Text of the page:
PANAMA CITY BEACH, Fla. (WMBB) — The beach renourishment project at St. Andrew’s State Park is close to completion. 

The Panama City Beach Tourist Development Council has been working with the state park and the U.S. Army Engineer Corps to replenish the beach. Much of the sand on the beach was eroded by wind and rain, causing cliff-like sand structures to form on the Gulf of Mexico’s front.

“The beach will be wider than they have ever seen in their lifetime,” said Visit Panama City Beach President & CEO Dan Rowe. “I mean, it really is going to be just like the rest of Panama City Beach.”

Work crews used hopper dredges that act like vacuums and suck sand from the bottom of the gulf and pump it onto the beach. Then they use front-end loaders and bulldozers to move the sand around and widen the beach. Officials initially thought the project wouldn’t be completed until the end of the year, but they expect it to wrap up sometime in November.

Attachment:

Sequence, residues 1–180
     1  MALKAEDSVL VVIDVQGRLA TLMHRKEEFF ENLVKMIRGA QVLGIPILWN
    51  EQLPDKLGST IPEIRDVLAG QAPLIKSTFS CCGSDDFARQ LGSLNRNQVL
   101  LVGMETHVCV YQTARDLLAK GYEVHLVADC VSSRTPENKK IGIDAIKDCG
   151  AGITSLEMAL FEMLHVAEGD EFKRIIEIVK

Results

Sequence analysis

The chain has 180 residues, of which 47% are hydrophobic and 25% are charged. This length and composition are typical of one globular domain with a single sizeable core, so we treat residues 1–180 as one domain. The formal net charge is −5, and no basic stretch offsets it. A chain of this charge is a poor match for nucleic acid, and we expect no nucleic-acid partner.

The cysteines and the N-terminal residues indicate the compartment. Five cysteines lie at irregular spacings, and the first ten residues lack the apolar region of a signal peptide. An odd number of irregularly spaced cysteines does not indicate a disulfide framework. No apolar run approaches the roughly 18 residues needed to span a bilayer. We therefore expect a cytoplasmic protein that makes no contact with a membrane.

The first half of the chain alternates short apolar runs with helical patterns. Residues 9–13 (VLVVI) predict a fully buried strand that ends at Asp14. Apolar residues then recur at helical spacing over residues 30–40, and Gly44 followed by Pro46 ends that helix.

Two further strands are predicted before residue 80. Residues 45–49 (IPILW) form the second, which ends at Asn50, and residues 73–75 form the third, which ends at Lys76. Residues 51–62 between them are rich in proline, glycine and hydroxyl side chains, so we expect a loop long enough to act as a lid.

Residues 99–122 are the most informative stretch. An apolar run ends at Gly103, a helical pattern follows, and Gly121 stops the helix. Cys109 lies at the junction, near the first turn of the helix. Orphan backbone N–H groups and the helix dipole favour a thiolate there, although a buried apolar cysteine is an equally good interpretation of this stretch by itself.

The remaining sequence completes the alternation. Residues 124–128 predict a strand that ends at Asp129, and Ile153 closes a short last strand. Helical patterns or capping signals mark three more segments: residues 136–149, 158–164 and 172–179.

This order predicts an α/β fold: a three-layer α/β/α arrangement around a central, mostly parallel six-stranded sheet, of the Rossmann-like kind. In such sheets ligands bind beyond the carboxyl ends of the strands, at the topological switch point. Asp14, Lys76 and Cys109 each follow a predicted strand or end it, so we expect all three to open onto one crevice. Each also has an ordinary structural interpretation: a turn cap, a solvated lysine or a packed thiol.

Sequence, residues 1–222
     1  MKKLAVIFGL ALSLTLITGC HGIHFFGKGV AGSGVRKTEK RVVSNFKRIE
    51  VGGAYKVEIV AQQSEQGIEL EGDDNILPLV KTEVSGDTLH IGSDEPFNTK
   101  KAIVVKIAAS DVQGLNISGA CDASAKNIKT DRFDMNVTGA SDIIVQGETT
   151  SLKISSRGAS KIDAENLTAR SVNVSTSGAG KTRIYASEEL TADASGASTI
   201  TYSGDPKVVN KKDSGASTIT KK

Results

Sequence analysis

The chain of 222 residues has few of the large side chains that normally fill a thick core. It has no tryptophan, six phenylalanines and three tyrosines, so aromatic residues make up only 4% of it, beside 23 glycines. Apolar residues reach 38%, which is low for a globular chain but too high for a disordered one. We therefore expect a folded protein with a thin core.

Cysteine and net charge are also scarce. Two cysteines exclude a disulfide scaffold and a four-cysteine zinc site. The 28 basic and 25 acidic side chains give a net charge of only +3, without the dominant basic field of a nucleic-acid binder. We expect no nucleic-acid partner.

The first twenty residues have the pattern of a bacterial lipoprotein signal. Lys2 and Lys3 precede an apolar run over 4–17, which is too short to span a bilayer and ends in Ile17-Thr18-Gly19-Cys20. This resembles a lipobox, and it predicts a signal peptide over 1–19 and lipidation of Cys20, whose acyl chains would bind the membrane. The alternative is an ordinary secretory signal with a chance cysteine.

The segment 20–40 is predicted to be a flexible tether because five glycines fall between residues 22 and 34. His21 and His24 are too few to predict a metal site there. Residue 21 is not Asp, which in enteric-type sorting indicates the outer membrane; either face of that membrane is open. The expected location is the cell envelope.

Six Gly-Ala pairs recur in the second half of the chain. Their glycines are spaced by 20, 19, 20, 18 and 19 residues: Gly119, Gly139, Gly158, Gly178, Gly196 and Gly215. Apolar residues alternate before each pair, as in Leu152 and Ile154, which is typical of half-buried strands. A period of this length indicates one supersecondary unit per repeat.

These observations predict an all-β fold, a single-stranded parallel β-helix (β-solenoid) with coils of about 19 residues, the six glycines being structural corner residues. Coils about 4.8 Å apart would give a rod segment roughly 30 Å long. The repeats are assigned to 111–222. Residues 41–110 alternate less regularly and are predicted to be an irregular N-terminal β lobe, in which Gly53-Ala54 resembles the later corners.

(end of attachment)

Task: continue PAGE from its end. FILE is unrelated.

“The beach renourishment process is a major part of what the TDC does. It’s the third penny of the Tourist Development Tax that goes into this project.”

The TDC is also planning on planting sea oats on sand dunes in the near future to further prevent wind-borne erosion. Officials are still in the design phase of the project, but the vegetation will be planted along a mile-long stretch of the beach. 

“We’re thrilled that we’re able to do this and really help preserve the beach and, you know, to really hold down erosion.”

The beach renourishment project costs $20 million. The dune vegetation project cost is to be determined.